Landslides

Printer-friendly version
Listen: 

Landslides are a natural process that removes material from hills, mountains and coastlines. Landslides are common in New Zealand and can range from small events to damaging large scale events.

Unstable land

Compared to many other countries, New Zealand has a high number of landslides because:

  • land is still being uplifted
  • rocks are often weakened by geological folding and faulting
  • there are frequent earthquakes
  • much of the land is hill country, formed by rivers cutting into soft clay rocks
  • slopes can be unstable, weak layers of volcanic ash or loess
  • rainfall can be high.

Some landslides move whole mountain sides, taking millions of cubic metres of material, at up to 200 kilometres per hour. Others are shallow or slow, moving only a few centimetres a year.

Causes

On unstable slopes, three things are important in producing large landslides:

  1. land conditions, such as weak rock and steep slopes
  2. processes which further weaken the slope, such as deforestation or undercutting by streams
  3. triggering factors such as intense rainstorms (100 millimetres or more in 24 hours) and large earthquakes (magnitude 7 or greater)

Human impact

Deforestation has had the largest impact on the stability of hillsides. Clearing land for farming has increased landslide activity by about seven times its natural rate. Road construction and subdivision earthworks can also destabilise slopes and increase landslide rates. 

Cost

Each year local councils, roading authorities, private landowners and railway operators spend millions of dollars clearing slips from roads and railway lines. It is a never-ending task – there are always more floods or earthquakes to come, and there is plenty of rock and soil waiting to tumble down.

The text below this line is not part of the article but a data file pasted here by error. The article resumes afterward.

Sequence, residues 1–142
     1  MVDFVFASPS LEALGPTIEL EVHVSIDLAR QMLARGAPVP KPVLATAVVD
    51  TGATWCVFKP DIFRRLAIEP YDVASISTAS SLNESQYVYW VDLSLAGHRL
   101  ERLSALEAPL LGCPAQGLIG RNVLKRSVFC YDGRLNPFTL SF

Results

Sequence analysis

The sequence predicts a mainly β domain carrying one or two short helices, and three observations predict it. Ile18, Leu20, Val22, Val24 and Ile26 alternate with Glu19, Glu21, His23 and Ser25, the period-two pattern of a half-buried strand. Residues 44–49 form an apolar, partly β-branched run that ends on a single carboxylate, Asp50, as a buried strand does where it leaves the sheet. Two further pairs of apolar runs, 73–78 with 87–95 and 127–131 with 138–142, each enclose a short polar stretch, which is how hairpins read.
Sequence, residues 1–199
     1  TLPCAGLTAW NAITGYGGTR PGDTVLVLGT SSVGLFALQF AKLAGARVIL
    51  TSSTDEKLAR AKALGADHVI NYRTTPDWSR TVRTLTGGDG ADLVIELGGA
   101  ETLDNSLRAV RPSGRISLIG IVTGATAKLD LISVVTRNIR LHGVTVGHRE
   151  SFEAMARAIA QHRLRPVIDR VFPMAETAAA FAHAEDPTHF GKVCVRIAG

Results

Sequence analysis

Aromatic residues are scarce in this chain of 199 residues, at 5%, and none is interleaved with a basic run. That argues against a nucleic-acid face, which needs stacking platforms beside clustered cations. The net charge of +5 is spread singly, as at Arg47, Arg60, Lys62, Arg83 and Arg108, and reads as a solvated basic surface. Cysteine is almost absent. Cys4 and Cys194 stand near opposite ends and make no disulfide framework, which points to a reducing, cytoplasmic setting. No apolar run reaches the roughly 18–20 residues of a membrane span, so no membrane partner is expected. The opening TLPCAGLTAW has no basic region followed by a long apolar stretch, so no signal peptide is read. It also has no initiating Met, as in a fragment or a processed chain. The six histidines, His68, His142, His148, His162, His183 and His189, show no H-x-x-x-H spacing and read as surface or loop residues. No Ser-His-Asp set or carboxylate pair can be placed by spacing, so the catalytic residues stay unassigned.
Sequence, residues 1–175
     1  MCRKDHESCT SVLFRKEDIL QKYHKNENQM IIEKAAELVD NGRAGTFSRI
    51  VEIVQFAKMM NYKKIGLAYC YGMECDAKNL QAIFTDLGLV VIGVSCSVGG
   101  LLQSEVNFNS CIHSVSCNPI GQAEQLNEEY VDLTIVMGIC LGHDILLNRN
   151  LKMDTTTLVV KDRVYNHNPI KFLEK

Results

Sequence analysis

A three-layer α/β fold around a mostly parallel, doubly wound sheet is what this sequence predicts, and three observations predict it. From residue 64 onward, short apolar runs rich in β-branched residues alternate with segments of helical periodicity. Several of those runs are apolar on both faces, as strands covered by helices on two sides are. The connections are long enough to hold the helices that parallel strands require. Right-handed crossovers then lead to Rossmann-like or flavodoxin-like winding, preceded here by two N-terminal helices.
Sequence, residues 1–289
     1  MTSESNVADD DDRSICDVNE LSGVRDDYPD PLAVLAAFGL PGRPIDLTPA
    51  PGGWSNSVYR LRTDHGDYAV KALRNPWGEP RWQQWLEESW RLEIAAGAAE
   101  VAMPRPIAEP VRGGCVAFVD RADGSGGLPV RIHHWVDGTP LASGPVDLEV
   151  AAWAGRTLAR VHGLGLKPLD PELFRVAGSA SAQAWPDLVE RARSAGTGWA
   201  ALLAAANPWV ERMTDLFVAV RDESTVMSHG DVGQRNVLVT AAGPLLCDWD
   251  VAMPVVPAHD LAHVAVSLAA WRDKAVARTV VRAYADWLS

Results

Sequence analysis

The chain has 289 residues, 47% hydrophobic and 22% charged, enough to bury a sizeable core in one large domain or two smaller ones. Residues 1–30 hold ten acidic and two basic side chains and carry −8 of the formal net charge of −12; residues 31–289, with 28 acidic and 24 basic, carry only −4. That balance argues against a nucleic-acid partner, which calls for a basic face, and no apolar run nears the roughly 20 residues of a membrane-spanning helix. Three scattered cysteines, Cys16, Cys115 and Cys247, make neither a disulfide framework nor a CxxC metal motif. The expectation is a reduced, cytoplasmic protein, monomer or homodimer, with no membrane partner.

In general, landslides are more common in New Zealand than many other countries because of the terrain and less stable conditions. However, landslides cause few deaths in New Zealand because there are few settlements in mountainous areas and the population density is relatively low.

Before

  • Find out if there have been landslides in your area before and where they might happen again.
  • Check for signs that the ground may be moving. 
  • Watch the roadside for collapsed pavements, mud and fallen rocks.

During

  • Act quickly - getting out of the path of a landslide is your best protection.
  • Evacuate straight away. Take getaway items with you and your pets if you can safely do so.
  • Warn neighbours who might be affected and help those you are able to.
  • Contact emergency services and your local council to tell them of the hazard.

After

  • Do not return to the area until you are told it is safe.
  • Avoid dangling and broken power lines.

 

 

 

 

 

 

 

 

 

Ready for a quiz?

Audio Maori keywords: 


  • Samoan keywords

  • Tongan keywords

  • Cook Islands Māori keywords

  • Niuean keywords


You could find out if and where there has been a landslide in your local area and what caused it.

Previous
Floods

Next
Storms

Easy

A massive rock avalanche changed the height of New Zealand's highest mountain, Aoraki Mount Cook, in December 1991. Can you find out about other large rock avalanches in New Zealand? Image: Loyd Homer, GNS Science.

Landslides are common in New Zealand. This landslide is in Whakatāne. Can you find out what large landslides there have been in New Zealand recently. Image: LEARNZ.

One of New Zealand's most well known landslides was the 1979 Abbotsford landslide in Dunedin which left 69 houses uninhabitable. What type of landslide was this and was anyone hurt? Image: GNS Science.

Landslides are common in areas that have been cleared of trees for farmland, especially after heavy rain. Image: LEARNZ.

There are different types of landslides. Sometimes landslides can be a combination of different types. I wonder what are the most common landslides in New Zealand? Image: United States Geological Survey. Art work by Margot Johnson.